As a natural extension to this commitment, India will have to reduce its carbon emission intensity by 33-35% from what it was in 2005 and thus needs to create additional carbon sinks of about 2.5 billion to 3.0 billion tonnes by 2030 which would also include an increase in production of non-fossil fuel by 40%.

The Indian Army’s Role in this

The Territorial Army, through its 10 Eco Task Force Bns (25 Coys) has planned to embark on a mission of achieving India’s target of creating an additional carbon sink of 2.5 to 3.0 billion tonnes by 2030 through extensive use of Vetiver Grass.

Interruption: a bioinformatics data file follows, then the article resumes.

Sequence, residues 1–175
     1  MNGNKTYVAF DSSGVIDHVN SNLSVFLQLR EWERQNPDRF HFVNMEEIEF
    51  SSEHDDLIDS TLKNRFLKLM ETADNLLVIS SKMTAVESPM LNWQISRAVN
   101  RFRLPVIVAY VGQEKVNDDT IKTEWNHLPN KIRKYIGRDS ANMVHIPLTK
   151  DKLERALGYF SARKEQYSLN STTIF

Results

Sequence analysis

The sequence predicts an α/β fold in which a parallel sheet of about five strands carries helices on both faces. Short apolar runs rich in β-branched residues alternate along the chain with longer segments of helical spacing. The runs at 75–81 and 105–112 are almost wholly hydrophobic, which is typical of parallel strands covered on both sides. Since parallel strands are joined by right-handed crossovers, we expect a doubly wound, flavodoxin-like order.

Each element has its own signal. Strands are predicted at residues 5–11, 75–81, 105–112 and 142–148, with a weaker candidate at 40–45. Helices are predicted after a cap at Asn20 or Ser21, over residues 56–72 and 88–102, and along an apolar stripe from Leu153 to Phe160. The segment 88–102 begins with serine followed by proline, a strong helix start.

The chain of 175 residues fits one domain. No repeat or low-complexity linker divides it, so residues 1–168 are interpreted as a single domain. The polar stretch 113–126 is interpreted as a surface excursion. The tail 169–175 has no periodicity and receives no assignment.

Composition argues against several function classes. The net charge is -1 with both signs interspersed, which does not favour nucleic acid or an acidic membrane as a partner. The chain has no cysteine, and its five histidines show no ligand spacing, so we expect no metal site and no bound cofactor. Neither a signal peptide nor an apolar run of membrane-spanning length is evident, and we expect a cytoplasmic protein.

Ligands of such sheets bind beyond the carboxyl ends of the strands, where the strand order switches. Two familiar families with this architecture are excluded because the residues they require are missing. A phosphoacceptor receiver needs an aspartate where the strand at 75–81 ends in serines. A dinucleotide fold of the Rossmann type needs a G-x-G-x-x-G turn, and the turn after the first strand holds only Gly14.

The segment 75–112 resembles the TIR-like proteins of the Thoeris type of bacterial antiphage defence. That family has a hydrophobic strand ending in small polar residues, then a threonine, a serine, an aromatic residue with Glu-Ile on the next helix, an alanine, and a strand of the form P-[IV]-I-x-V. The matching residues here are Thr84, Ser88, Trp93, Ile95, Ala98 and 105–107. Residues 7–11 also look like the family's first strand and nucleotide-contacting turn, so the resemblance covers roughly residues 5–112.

The expected outcome once the aforementioned start aims to achieve the following:

  • Significant reduction in temperatures and extreme weather phenomena in drought and floods, 
  • Improved agriculture output (thus better food security), 
  • Prevention of soil erosion, 
  • Rejuvenation of perennial and non-perennial water bodies, 
  • Groundwater recharging increased water table and recharging of the dry water bodies.  
  • Prevention of landslides, rainfall-runoff and groundwater recharging esp in mountainous regions

Understanding a Carbon Sink and Carbon Sequestration

A Carbon sink is a natural reservoir that stores carbon-containing chemical compounds (Green House Gases) accumulated over an indefinite period of time. The process by which carbon sink removes carbon dioxide (CO2) from the atmosphere is known as Carbon Sequestration.